There are so many restaurants and bars on board Norwegian Epic that it would be a major accomplishment to get round them all in a week-long cruise.
My hopes of sampling them all during two-and-a-half days on board were doomed to failure from the start, but it was worth a shot.
The final score was a paltry six restaurants. Not sure about the bars; think I lost count after a surfeit of tonic water and Coke (or was it the gin and the Jack Daniels?)
The first night started with drinks in the bar of the Moderna Churrascaria restaurant followed by dinner in Shanghai’s. Both the South American-style grilled meat and salad venue ($18 cover charge) and the Chinese restaurant ($15 cover charge) are new concepts for NCL.
The food in Shanghai’s was excellent – way better than standard high street Chinese fare in selection and sophistication. And although I didn’t get to eat in Moderna, I heard from others that it did not disappoint – waiters will keep carving steak, pork, lamb and various other meats until you beg them to stop.
I’m not very sociable in the mornings, and I tend to avoid waiter-service breakfasts where I might be herded onto a shared table with a bunch of strangers. So the Garden Cafe buffet (top) was just the job. With only 2,500 passengers on board – most of them travel agents nursing sorer heads than my own – there were plenty of spare tables. Even if it had been busier, there are table-spotters throughout the room directing passengers to vacant seats – a neat idea that other cruise lines should copy.
There was a wide selection of food, from fresh fruit to full fry-ups and the serving stations are well organised to prevent queuing. Best of all is the view over the bow from the front of the restaurant, although fresh-air fiends could take their plates (no trays here) to the Great Outdoors section on the pool deck.
Lunch was burger and chips in O’Sheehan’s, the cod-Irish pub at the centre of the ship which also serves comfort-food favourites such as fish and chips and chicken pie, together with a range of New York deli- sandwiches.
O’Sheehan’s (I’m not sure whether it’s named after NCL ‘s CEO Kevin Sheehan, or because the name sounds like “oceans”) also serves an all-day breakfast and is the only venue on board where food is available 24 hours a day. And it’s included in the fare; there’s no cover charge here.
Surprisingly there are times in the afternoon when the Garden Cafe is not serving, and it is not open throughout the night. I have a feeling that public demand might change that when Epic is sailing full in the Caribbean.
On my second evening I should have been dining in the Manhattan Room (above), where I would have been entertained by Elvis Presley, Madonna and Tina Turner – or tribute acts from the Legends in Concert troupe.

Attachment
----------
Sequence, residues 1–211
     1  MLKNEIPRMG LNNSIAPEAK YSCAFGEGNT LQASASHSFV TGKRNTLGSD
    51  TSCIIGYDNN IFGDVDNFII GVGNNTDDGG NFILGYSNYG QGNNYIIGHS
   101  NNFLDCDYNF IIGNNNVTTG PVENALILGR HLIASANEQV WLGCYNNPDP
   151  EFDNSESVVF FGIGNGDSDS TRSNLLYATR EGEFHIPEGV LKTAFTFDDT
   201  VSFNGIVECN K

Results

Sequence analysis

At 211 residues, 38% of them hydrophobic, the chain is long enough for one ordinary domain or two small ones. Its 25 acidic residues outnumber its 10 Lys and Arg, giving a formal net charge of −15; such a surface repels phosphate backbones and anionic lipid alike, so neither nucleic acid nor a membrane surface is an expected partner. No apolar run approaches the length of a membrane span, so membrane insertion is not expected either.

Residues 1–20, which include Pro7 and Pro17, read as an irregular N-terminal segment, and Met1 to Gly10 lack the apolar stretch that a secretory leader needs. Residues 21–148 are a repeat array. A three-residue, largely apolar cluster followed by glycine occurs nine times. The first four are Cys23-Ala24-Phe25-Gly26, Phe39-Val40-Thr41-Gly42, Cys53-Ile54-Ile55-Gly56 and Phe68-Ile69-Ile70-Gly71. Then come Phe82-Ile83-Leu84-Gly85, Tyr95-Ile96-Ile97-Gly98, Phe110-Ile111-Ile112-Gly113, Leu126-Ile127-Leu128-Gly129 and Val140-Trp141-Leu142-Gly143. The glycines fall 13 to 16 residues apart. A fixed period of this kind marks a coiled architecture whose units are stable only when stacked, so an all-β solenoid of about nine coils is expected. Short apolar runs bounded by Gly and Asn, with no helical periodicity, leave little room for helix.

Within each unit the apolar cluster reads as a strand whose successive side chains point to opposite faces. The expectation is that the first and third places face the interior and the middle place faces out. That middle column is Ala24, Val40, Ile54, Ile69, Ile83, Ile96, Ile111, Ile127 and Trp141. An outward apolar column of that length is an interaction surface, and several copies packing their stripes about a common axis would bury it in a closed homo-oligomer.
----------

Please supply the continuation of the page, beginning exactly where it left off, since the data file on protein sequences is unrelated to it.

Instead I joined some friends in Teppanyaki (above), which was disappointingly empty when we arrived at 8.45 p.m. but was soon packed to capacity. There’s a $25 cover charge – this and Cagney’s steakhouse are the most expensive restaurants on the ship.
The chefs certainly put on a great show, cooking dinner on stainless steel grills right in front of the diners, but it was a triumph of style over substance. The performance dominated the evening and the food was a disappointment – too heavily seasoned and soaked in soy sauce.
Back to the Garden Cafe for breakfast the next morning, and a hasty hamburger at the Great Outdoors for lunch.
Dinner was the Cirque Dreams show in the Spiegel Tent, which I have written about already.
So what of the restaurants I failed to eat in?
Along with the Manhattan Room, which seats 600, Taste is the other main dining room, with no additional cover charge. This is freestyle cruising, so there’s no assigned seating. Passengers can book in advance, wither through the box office or via the interactive TV in their cabin.
There are some quirky design features in the 540-seat Taste, but I am not sure about the open galleries above the central area – noise from the casino could become intrusive.
Cagney’s Steakhouse, alongside the Moderna Churrascaria, is an NCL tradition, as is Le Bistro French restaurant which seats 124 and carries a $20 cover charge.
There’s an a la carte Noodle Bar outside Shanghai’s, and Wasabi sushi bar adjacent to Teppanyaki, also charging by the item.
La Cucina is an Italian trattoria up on deck 14, accessed from the Garden Cafe, and serving pizza and pasta under the shade of an olive tree. Cover charge $10.
Suite guests staying in the Courtyard are provided for with their own Epic Club restaurant and grill, and the Posh Beach Club. There’s no additional charge – it’s included in the suite fare.
All in all, a comprehensive selection – there can’t be many styles of food that are not available on Epic. And despite the proliferation of cover charges, it’s perfectly feasible to eat lavishly and with variety throughout a seven-day cruise without having to pay an extra cent.